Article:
Mark Bracco doesn’t mind working on New Year’s Eve. For 13 years, Bracco has served as the executive producer for Dick Clark’s New Year’s Rockin’ Eve With Ryan Seacrest, the iconic annual event that millions of Americans look to as the official start to the New Year.
Bracco oversees the booking of the countless chart-topping artists who perform at New Year’s Rockin’ Eve all across America. This year’s show will feature performances from breakout artists like Shawn Mendes, Camila Cabello and Dua Lipa, as well as veterans like Christina Aguilera and New Kids on the Block. Ryan Seacrest will host the event live from Times Square with the help of Jenny McCarthy, while Lucy Hale and Ciara will handle coverage from New Orleans and Los Angeles, respectively, ushering in the New Year as it occurs in the different time zones.
Putting together one of the most highly televised events of the year is no small undertaking, and Bracco helps make it all happen. Billboard caught up with the man behind the curtain just before the 47th anniversary of America’s biggest celebration, to talk about the evolution of Dick Clark’s New Year’s Rockin’ Eve and the importance of keeping traditions alive.
What are you most excited about for viewers to see during this year’s New Year’s Rockin’ Eve performances?
I’m super excited that Christina Aguilera is going to be headlining for us in Times Square. She’ll be performing a medley of her greatest hits right before the ball drops. She performed for us in Times Square, in 2007, and more than 10 years later she’s back. She’s one of the most iconic voices in the world, so we couldn’t think of anyone better to end 2018. Being live in New Orleans again this year for the Central Time Zone countdown to midnight, to have Florida Georgia Line and Maren Morris in the middle of the Big Easy performing for us will be great. Our LA party this year is just stacked. We always talk about New Year’s Rockin’ Eve as a celebration of the biggest artists and the biggest songs of the year. This year more than ever, every single song is just a massive, huge hit. We were looking at the year end list of the American top 40, and we have so many of those songs on the show. From Maren Morris doing “The Middle” to Weezer doing “Africa,” we have so many massive hit songs in the show. It’s just a great recap of the year in music.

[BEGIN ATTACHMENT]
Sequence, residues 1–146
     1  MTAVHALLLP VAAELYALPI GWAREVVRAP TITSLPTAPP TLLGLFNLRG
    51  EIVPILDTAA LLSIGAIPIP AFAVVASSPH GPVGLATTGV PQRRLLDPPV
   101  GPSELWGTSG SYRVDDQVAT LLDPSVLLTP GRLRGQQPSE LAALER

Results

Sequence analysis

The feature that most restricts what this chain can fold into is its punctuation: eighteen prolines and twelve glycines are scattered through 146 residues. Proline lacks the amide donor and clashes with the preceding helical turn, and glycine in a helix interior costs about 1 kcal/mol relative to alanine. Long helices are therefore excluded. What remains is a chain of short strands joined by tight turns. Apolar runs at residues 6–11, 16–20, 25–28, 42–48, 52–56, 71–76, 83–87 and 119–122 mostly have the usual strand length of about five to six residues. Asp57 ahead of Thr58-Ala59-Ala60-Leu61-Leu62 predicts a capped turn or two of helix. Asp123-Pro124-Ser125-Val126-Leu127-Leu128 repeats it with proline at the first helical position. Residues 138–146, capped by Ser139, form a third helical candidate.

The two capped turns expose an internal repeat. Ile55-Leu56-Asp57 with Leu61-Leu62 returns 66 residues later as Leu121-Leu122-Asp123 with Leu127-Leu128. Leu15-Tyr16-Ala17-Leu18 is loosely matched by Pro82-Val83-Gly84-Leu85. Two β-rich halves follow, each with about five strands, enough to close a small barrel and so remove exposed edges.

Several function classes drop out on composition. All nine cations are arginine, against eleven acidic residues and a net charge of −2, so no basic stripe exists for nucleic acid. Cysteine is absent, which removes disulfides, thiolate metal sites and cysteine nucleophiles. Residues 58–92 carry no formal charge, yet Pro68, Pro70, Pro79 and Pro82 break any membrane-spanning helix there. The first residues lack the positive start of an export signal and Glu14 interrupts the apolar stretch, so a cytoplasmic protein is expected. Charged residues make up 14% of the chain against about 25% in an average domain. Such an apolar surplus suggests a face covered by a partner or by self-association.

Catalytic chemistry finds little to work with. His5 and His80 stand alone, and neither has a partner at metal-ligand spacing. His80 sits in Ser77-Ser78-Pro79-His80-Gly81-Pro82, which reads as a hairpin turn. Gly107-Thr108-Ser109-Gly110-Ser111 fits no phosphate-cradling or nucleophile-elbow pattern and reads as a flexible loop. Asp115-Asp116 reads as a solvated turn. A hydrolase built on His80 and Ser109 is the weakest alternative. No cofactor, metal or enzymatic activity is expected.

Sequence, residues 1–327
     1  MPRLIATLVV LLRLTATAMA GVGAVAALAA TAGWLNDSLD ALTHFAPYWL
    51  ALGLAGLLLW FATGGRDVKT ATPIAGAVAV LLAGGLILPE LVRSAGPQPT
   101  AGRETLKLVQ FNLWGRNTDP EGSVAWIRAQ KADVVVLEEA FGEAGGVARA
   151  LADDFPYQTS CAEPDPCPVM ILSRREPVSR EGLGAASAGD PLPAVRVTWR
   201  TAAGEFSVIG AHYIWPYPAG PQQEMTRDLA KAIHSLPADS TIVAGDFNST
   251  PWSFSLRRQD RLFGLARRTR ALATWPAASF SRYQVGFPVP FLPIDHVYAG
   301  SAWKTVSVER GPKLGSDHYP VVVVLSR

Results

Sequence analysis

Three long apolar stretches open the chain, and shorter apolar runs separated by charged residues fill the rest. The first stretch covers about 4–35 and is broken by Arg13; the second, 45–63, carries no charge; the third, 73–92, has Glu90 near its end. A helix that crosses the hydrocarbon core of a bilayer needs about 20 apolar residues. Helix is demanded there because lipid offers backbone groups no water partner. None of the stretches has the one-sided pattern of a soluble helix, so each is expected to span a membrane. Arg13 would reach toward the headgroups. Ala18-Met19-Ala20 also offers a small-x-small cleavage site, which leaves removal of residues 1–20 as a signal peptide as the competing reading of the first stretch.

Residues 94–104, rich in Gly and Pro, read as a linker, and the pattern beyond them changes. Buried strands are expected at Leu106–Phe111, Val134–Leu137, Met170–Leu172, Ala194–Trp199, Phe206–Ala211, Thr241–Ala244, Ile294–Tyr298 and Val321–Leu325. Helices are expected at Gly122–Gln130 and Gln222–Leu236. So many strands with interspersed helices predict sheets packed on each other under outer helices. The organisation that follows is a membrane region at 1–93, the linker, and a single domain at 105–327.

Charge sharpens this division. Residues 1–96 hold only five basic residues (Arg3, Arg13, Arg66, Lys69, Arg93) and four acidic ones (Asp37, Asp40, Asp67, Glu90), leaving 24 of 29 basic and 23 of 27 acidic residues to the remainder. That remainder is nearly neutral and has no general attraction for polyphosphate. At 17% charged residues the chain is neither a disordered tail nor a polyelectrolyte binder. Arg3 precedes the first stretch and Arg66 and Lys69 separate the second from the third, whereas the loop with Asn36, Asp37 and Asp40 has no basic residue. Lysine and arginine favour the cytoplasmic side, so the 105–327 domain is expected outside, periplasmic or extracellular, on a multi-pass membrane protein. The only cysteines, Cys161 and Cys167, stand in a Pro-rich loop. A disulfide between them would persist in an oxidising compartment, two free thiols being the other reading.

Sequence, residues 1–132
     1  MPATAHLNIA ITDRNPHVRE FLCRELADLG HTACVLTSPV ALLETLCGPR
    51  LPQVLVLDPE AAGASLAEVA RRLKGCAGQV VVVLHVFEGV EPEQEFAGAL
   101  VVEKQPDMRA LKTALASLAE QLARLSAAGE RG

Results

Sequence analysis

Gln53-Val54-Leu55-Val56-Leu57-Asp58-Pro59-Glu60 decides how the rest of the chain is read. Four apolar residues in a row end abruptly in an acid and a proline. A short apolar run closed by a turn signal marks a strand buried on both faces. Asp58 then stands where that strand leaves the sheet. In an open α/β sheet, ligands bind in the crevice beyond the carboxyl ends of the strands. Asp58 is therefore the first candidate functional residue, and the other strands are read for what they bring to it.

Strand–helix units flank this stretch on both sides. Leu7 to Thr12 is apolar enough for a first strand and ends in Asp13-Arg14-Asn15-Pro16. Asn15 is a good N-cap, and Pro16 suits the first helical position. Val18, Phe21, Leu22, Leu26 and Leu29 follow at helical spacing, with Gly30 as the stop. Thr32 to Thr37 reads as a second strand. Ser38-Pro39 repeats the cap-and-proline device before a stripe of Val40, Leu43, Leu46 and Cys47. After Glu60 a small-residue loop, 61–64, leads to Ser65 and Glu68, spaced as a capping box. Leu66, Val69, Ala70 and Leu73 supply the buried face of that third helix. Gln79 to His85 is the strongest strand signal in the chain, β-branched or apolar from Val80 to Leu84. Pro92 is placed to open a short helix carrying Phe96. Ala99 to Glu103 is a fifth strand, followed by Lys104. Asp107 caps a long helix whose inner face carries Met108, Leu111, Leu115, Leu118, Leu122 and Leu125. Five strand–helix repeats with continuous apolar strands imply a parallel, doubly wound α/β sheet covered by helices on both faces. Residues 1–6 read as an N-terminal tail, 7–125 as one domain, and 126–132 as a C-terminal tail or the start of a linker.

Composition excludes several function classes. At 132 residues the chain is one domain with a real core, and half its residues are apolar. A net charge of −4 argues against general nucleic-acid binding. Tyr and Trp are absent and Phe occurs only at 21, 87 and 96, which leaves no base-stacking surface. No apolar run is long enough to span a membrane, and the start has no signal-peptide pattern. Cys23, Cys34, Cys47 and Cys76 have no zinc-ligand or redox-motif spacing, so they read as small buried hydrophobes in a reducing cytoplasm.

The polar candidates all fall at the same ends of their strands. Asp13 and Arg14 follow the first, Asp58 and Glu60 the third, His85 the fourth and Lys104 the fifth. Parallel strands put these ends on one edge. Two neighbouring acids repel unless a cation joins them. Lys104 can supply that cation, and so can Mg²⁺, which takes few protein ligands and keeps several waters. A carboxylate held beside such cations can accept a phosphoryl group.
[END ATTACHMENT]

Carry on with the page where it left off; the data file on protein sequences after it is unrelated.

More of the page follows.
So many Americans look to New Year’s Rockin’ Eve as a way to usher in the new year, and for many, it’ll be the first thing they see in 2019. What does that responsibility mean to you?
I watched Dick Clark’s New Year’s Rockin’ Eve as a kid on the couch, with my family. Whether you’re celebrating at a big party, or with your family at home, everyone watches because it is an American tradition. It’s one of the reasons we’ve kept Dick Clark’s name on the show even after he passed away a few years ago, even now that Ryan Seacrest is our host. We feel a great responsibility on New Year’s Eve because we know that we’re the show that’s bringing families and Americans together to celebrate the end of the year, and then celebrate the start of the new year. Really, we just want to entertain people with the best music and a safe space for everyone of all ages to watch together.
How do you think New Year’s Rockin’ Eve has evolved in the past 47 years from what it was then, to what it is today?
When it started out 47 years ago, it was Dick Clark in Times Square with one camera helping to countdown to the New Year. The show just keeps getting bigger and bigger. Last year I believe we had 38 performances throughout the entire show. I haven’t counted how many there are this year, but I’m sure it’s at least that many, and the show just keeps growing. When I first started working on it, the show started at ten o’clock, and then it expanded to start at eight o’clock. We went from three and a half hours to five and a half hours. Last year we had our highest ratings in 27 years, which in the television environment right now, is a pretty amazing feat.